And Krogh has extra motivation, since as a young boy, he had his arm torn from his body by the Monster. Yes, he’s the one-armed Inspector, famously spoofed by Kenneth Mars in Mel Brooks’ YOUNG FRANKENSTEIN (1974). But there are no laughs here, as Atwill is as serious and focused as a Police Inspector can be. It’s a solid powerful performance, most likely Atwill’s best.
Atwill’s career was derailed by a sex scandal in which he was accused of hosting an orgy at his home, and there was a rape charge as well. His career never recovered, and he was shunned by the major film studios afterwards. He died in 1946 at the age of 61.
Here is a partial list of Lionel Atwill’s 75 movie credits, concentrating mostly on his appearances in horror movies from the 1930s and 1940s:
DOCTOR X (1932) – The lead baddie, the demented Doctor Jerry Xavier.
THE VAMPIRE BAT (1933) – Dr. Otto von Niemann – again an evil doctor, this time experimenting with vampire bats.
MYSTERY OF THE WAX MUSEUM (1933) – Ivan Igor – terrorizes Fay Wray in a role made famous twenty years later when VincentPrice starred in the 3D remake HOUSE OF WAX (1953).
MURDERS IN THE ZOO (1933) – Eric Gorman – another evil scientist, this time mixed up with deadly zoo animals.
MARK OF THE VAMPIRE (1935) – Inspector Neumann – plays a police inspector opposite Bela Lugosi’s vampire, Count Mora, in this atmospheric remake of Lon Chaney’s silent classic LONDON AFTER MIDNIGHT (1927), both versions, incidentally, directed by DRACULA director Tod Browning.
SON OF FRANKENSTEIN (1939) – Inspector Krogh- Atwill’s signature role, the relentless incorruptible Inspector Krogh, who matches wits with Baron Wolf Frankenstein and eventually tangles with the Monster (Boris Karloff).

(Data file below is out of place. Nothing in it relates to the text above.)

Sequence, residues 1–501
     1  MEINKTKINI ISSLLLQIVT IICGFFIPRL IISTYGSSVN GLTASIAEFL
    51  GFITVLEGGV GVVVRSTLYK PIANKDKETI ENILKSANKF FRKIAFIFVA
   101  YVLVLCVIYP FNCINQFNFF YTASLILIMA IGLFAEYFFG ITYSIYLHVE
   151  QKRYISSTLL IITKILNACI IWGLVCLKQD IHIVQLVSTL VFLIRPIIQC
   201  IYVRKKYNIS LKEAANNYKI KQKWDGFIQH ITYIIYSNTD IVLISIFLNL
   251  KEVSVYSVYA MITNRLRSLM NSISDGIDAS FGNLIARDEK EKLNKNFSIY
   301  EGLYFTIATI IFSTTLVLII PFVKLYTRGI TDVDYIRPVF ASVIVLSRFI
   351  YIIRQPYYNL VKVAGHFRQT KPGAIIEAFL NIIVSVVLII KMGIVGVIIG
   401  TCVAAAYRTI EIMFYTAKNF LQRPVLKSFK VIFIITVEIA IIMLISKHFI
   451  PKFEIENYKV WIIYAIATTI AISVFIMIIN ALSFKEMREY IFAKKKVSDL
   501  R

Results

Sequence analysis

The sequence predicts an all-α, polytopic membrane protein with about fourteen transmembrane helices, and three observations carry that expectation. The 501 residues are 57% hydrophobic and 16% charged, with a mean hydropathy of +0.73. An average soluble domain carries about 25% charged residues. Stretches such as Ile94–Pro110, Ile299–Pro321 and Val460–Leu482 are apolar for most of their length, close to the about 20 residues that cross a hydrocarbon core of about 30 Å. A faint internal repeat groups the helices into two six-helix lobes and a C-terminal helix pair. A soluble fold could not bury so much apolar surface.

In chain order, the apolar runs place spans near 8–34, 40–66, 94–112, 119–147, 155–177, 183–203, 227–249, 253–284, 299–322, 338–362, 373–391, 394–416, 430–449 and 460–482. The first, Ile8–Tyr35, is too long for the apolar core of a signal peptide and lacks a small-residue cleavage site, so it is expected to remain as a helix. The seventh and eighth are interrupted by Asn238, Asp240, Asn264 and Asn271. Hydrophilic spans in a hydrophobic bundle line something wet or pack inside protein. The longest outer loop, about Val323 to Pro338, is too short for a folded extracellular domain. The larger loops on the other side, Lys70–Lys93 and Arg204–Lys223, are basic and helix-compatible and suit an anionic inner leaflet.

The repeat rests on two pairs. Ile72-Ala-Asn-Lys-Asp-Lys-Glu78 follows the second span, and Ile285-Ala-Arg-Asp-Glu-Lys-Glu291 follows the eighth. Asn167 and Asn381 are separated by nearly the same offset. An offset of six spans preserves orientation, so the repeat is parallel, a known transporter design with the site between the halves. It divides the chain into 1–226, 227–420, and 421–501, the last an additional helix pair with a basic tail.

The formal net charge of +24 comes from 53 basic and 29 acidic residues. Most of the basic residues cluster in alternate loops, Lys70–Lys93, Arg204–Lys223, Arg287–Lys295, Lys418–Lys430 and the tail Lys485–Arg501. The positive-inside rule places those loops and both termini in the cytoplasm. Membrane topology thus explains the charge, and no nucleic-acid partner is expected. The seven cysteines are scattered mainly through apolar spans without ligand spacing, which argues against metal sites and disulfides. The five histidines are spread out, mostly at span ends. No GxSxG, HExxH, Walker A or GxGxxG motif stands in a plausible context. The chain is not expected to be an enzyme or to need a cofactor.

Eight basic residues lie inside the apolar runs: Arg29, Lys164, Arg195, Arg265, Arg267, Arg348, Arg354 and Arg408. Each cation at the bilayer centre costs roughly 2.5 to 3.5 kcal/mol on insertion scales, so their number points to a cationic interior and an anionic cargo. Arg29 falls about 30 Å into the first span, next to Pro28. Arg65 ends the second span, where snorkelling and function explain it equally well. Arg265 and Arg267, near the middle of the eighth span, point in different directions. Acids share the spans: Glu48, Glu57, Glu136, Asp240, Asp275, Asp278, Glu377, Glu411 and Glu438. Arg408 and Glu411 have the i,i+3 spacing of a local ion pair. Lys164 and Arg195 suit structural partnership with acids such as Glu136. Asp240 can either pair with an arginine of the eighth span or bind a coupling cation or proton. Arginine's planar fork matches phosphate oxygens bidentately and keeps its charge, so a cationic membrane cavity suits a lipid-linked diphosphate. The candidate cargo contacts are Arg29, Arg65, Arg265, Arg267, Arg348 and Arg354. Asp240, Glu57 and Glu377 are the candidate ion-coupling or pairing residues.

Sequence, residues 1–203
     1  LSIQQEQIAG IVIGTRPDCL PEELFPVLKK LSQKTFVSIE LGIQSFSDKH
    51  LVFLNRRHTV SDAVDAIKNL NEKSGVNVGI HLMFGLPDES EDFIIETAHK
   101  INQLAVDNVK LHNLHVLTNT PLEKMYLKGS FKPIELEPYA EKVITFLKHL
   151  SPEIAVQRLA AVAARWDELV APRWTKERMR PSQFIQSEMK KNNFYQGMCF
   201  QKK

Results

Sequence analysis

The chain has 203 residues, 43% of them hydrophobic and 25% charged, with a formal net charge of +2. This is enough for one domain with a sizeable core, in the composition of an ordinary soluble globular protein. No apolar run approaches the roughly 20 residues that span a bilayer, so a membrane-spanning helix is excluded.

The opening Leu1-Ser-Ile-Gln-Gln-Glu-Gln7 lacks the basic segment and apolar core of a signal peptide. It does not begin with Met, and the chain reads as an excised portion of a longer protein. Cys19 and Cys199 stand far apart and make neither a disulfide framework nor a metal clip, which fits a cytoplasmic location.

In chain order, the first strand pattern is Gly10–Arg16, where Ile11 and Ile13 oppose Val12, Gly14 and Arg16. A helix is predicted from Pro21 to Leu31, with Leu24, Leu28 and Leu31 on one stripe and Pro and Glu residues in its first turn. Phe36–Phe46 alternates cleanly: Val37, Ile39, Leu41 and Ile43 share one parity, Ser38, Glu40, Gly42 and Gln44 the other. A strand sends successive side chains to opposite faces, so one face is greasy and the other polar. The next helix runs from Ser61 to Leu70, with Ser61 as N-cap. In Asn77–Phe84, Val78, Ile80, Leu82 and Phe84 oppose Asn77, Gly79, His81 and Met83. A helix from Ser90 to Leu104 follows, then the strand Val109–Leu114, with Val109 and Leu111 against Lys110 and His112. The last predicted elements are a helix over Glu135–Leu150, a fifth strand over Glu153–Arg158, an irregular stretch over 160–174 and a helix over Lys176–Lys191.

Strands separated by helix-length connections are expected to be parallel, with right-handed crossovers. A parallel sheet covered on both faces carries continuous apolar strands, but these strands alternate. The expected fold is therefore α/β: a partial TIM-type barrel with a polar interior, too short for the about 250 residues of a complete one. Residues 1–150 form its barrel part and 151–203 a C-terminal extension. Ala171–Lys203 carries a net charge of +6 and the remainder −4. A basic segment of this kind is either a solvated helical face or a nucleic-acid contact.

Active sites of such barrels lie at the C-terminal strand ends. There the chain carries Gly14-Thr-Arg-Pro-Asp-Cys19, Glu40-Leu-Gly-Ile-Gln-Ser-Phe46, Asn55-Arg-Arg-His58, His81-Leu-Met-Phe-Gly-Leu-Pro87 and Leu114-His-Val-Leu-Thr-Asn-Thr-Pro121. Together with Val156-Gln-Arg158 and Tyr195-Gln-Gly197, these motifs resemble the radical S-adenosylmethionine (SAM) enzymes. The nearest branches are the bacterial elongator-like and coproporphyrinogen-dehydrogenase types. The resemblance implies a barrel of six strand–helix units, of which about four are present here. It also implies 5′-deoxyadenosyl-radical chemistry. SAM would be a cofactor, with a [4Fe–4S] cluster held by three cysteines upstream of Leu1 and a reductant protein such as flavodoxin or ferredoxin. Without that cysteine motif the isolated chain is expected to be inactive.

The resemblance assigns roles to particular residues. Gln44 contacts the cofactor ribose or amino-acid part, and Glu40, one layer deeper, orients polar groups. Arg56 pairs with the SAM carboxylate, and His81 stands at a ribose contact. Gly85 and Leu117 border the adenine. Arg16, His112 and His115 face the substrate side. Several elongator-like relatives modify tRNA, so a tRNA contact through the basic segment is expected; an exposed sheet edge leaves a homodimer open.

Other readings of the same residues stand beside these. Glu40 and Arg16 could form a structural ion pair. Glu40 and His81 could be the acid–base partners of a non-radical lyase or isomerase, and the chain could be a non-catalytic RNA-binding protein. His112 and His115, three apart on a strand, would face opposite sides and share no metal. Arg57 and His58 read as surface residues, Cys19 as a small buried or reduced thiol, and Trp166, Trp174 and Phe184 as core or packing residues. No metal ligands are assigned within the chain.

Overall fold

THE HOUND OF THE BASKERVILLES (1939) – Dr. James Mortimer – Doctor who hires Basil Rathbone’s Sherlock Holmes to take on the Baskerville case.
MAN MADE MONSTER (1941) – Dr. Paul Rigas. Back in the mad scientist seat, this time zapping Lon Chaney Jr. with electricity and turning him into a monster.
TO BE OR NOT TO BE (1942) – Rawitch – Part of the ensemble cast in this classic Ernst Lubitsch comedy starring Jack Benny and Carole Lombard.
THE GHOST OF FRANKENSTEIN (1942) – Doctor Theodore Bohmer – Atwill’s second of five appearances in the Universal Frankenstein series. Here he plays Dr. Bohmer, a mad scientist who transplants Ygor’s (Bela Lugosi) brain into the body of the Monster (Lon Chaney, Jr.)
PARDON MY SARONG (1942) – Dr. Varnoff – messing around with Abbott and Costello.
NIGHT MONSTER (1942) – Dr. King – another disreputable doctor, in this murder mystery/horror movie co-starring Bela Lugosi.
SHERLOCK HOLMES AND THE SECRET WEAPON (1942) – Professor Moriarty – matching wits with Basil Rathbone’s Sherlock Holmes.
FRANKENSTEIN MEETS THE WOLF MAN (1943) – Mayor – received a promotion in this one, as rather than playing a police inspector, Atwill is Mayor of Vasaria.
HOUSE OF FRANKENSTEIN (1944) – Inspector Arnz – back to being a police inspector again.
HOUSE OF DRACULA (1945) – Inspector Holtz – yet another police inspector in a Universal monster movie. Atwill would die before the next film in the series, ABBOTT AND COSTELLO MEET FRANKENSTEIN (1948).
And there you have it. A brief look at some of Lionel Atwill’s memorable film performances.